International Ship Insurance Companies advise alertness at heavy fuel oil bunkering

By Peter Pospiech at January 17, 2013 05:59
Filed Under: drive systems, Fuels & Lubes, General

Fuel impurities are an ongoing problem in ship operations. In spite of quality and delivery standards again and again poor heavy fuel oil is offered worldwide in many ports. This leads to severe engine damages and extremely high costs for the shipping owner. But what are the main impurities? And what can the ships crew do to be warned? 

 

In the case of impurities these are mainly cat fines, asphaltenes, water and dirt. Asphaltenes, water and dirt can be removed by the use of good separation devices, like separators. What are cat fines and can they be separated? 

In order to make petrol or other fuels out of crude oil, refineries work with the catalyst cracking process. So-called “cat fines” (including aluminum and silicon compounds) are used as catalysts and these are then found in the fuel. Cat fines are extremely damaging to engines. Cat fines are substances like silicon and aluminum compounds which are required as catalysts in the refining process known as catalytic cracking (“cat cracking”). This method of crude oil treatment splits large, high-boiling hydrocarbon molecules into lots of smaller, lowboiling molecules. It is only this conversion which creates fuels like diesel, petrol or kerosene from crude oil. This process takes place in special cracking towers at a temperature of around 500 °C. After the conversion, there is then a large quantity of cat fines in both the residues of the cracking towers and the distilled crude oil products. These cat fines have a negative impact on the end products, as silicon and aluminum compounds are extremely abrasive. If they get into an engine, this can rapidly lead to the destruction of sensitive components and thus to total failure. The separator manufacturer developed equipments which allow cat fines to be removed reliably from the oil residues. This system combines clarifiers and decanters with one another. In the first stage, the job of the clarifier is to remove the fine solids from the heavy fuel oil sludge. Once treated in this way, the heavy fuel oil can have a cat fines content of less than 100 ppm. The sludge which leaves the separator is treated by a decanter in the second separation stage.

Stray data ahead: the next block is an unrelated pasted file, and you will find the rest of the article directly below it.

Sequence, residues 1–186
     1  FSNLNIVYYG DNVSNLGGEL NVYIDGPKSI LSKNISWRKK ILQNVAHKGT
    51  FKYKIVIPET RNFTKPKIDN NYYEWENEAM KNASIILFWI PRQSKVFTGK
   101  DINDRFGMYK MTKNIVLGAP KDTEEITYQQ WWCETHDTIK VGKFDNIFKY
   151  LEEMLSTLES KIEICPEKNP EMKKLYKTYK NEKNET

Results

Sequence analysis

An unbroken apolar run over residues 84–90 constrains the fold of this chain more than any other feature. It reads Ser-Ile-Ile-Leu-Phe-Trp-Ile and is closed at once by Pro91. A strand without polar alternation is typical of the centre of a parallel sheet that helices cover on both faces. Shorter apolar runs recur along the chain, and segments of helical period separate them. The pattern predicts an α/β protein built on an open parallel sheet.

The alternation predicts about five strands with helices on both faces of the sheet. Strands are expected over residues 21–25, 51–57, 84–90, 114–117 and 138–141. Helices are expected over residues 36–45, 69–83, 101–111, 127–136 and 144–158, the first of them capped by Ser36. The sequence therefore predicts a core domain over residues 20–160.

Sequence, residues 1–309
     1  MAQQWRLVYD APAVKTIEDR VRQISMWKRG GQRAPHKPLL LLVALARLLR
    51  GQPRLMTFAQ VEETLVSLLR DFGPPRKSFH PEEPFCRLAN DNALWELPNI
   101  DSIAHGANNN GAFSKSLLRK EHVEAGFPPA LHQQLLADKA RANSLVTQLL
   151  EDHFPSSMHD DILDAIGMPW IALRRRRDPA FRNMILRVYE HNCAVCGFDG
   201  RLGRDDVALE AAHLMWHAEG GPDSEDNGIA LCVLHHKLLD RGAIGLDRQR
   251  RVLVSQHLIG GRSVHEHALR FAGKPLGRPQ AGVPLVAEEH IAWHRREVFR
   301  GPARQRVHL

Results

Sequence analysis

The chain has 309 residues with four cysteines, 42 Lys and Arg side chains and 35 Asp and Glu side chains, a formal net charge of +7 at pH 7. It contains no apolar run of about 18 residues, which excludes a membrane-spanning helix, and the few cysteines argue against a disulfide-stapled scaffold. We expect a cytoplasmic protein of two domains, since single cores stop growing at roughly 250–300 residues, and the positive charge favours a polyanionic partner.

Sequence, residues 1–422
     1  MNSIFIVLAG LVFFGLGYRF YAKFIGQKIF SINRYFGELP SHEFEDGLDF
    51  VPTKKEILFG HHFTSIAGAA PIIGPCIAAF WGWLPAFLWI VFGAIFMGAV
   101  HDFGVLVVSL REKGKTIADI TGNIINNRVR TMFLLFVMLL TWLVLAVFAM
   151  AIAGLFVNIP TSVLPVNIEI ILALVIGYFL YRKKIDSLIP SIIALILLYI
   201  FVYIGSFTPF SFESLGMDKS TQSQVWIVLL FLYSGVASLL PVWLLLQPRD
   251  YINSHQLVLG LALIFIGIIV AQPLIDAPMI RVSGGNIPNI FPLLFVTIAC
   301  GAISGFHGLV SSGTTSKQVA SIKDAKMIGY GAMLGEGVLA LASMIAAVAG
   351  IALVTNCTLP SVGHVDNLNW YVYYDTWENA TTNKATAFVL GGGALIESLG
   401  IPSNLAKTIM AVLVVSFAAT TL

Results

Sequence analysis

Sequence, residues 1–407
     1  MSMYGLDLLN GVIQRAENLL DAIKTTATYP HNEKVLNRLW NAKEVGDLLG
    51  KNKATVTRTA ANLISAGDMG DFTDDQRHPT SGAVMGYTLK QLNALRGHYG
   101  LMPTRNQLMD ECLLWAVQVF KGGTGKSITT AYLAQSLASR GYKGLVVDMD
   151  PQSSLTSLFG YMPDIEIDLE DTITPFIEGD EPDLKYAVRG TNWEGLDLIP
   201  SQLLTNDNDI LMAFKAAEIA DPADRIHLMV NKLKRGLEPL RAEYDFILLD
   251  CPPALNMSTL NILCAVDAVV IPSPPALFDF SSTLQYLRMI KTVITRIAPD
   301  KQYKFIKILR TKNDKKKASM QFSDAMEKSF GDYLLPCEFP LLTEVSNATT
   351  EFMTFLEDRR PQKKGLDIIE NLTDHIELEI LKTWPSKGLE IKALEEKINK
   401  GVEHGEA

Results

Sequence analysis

Recovery of cat fines from oil residues

On-board crews should take immediately during each bunkering fuel samples and pay lots of attention during the following engine operation. Particular factors like abnormal exhaust temperatures or changes in sludge production give precise warning sizes for activities. 

Image: PPM archiv, graph: courtesy of Westfalia Separators

 

 

 

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